"Even when they stopped the boxing match to award me the championship of the world he was still on his feet.

"When Ali and Frazier fought, there will never be a spectacular moment in sport like that again. It was big."

Other boxing names, past and present, were also quick to pay their respects.

Joe Bugner, who lost to Frazier five months after being beaten by Ali in 1973, told BBC Radio 5 live: "Joe Frazier was relentless. Here was a man about 5ft 10in, he weighed about a stone lighter than myself, but he was so courageous and ferocious. You literally had to hit him with a sledgehammer to put him away.

"In 1973, I was 23 years old. I became a man after that fight because I realised you can't go through a career like boxing without seeing and feeling the power of the greats.

"I happened to have the privilege of fighting Frazier and Ali, and a few others, but those two to me were the greatest.

"Joe took everything away I thought I had and made me realise I needed more. If I was going to succeed I needed a lot more.

"It hit me like a lightning bolt when I heard he died."

Former world champion Chris Eubank added: "In boxing, you look for an intense rivalry with men who are of the highest calibre in their abilities to fight.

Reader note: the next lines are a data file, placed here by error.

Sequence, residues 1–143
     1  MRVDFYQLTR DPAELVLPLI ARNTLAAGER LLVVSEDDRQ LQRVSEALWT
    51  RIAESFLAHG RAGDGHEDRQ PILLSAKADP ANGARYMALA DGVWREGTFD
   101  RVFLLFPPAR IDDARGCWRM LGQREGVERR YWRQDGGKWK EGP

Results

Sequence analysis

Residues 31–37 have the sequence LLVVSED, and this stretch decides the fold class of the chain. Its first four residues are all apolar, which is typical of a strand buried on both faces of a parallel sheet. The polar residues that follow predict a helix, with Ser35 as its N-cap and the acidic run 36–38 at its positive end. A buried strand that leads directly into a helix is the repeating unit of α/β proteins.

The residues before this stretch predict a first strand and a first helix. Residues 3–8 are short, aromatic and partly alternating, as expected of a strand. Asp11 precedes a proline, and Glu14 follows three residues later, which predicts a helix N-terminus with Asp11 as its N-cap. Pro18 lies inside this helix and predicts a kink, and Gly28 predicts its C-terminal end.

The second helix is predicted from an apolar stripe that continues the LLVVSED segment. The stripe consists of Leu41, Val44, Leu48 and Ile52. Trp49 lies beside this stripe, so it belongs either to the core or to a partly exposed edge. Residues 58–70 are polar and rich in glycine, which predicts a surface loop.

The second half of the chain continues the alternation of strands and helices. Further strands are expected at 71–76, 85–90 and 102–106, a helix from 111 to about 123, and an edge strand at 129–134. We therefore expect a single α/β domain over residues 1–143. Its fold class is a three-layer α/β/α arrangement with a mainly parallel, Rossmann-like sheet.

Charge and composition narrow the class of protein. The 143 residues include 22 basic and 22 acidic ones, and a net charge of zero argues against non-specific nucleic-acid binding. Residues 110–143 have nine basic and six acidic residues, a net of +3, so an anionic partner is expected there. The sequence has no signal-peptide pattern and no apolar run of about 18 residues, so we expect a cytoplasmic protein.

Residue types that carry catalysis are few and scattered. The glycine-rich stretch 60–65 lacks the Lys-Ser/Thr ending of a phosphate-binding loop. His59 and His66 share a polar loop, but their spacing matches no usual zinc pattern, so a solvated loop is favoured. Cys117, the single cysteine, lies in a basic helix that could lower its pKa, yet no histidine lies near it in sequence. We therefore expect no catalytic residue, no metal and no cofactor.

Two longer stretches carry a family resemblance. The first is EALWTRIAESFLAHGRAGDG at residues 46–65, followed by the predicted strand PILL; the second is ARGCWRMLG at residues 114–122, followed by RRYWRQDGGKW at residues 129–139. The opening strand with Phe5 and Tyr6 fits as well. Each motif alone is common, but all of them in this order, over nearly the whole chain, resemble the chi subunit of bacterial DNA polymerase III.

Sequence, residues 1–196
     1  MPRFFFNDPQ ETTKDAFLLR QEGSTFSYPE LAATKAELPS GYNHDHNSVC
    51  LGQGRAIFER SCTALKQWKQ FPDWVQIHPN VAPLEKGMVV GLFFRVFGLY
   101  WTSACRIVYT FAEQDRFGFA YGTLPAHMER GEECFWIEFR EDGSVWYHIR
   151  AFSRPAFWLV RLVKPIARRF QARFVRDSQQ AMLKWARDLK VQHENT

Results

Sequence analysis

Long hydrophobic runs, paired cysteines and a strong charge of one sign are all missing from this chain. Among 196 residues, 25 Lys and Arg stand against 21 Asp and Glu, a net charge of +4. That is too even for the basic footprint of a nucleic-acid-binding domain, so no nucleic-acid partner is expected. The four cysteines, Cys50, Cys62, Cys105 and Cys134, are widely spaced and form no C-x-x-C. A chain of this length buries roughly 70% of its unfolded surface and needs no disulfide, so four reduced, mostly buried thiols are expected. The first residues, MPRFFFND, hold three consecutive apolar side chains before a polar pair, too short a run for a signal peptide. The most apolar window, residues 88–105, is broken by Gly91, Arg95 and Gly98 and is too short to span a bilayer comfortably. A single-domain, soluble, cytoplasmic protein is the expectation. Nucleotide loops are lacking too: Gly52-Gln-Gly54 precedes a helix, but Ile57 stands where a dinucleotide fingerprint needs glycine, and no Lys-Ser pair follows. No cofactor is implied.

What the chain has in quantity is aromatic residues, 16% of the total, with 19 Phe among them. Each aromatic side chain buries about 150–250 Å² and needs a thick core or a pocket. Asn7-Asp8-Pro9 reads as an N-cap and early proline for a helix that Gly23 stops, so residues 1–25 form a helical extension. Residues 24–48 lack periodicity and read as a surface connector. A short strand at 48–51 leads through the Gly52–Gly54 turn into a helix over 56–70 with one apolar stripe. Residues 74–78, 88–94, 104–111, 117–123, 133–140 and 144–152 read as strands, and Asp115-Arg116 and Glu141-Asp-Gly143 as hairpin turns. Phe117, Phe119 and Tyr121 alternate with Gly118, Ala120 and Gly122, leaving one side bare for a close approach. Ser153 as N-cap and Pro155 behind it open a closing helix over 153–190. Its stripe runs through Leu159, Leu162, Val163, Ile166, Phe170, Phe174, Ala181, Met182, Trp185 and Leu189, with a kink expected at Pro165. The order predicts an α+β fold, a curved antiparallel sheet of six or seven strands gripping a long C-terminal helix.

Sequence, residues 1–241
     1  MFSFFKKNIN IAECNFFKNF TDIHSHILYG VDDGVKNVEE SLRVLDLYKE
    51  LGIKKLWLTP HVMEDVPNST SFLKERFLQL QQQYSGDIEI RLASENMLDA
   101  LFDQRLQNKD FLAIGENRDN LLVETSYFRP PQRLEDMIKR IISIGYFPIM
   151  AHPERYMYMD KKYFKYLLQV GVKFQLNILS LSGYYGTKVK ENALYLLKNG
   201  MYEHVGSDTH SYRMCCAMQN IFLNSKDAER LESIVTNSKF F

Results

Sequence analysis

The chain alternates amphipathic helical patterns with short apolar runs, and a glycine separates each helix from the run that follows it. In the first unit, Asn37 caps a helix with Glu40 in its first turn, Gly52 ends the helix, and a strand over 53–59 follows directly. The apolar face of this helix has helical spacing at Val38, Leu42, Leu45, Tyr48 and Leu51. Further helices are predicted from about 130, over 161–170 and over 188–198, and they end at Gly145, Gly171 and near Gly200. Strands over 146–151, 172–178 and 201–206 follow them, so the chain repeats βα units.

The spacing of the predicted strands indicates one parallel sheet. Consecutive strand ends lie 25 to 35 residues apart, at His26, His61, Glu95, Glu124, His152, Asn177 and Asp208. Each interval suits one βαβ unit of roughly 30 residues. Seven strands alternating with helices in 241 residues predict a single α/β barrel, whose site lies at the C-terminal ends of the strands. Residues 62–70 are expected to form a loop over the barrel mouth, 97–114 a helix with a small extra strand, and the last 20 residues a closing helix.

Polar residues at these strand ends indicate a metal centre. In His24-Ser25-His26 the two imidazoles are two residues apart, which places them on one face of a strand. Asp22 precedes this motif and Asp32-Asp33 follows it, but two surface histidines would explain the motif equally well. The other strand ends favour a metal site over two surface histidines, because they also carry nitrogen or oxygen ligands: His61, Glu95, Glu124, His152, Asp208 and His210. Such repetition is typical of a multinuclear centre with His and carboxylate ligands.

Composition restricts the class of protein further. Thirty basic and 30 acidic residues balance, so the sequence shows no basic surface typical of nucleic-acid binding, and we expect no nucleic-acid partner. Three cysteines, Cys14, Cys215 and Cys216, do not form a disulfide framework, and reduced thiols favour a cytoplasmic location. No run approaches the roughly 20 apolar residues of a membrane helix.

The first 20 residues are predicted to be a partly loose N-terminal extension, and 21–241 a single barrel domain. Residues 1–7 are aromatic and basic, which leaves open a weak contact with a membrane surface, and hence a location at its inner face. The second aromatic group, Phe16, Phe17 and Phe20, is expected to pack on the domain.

"Muhammad Ali could not have been the mammoth character, fighter and man he became without Joe Frazier. He just couldn't have.

"You need someone to bounce off. You need another great. The operative word is great and indeed he [Frazier] was."

WBC champion Vitali Klitschko said: "He was a huge fighter, huge champion and a huge personality.

"I didn't have a chance to see his fights live because I was born in 1971. In the Soviet Union, professional boxing was forbidden but we studied about this fighter and after that we had a chance to see the fights. It was a great lesson for all new generations.

"I didn't have a chance to meet him personally, but I heard about him and that's why he is always in the memory of the next generation of great fighters.

"From me and my brother [fellow world champion] Wladimir, I want to say sorry that he has died. He was one of the great champions."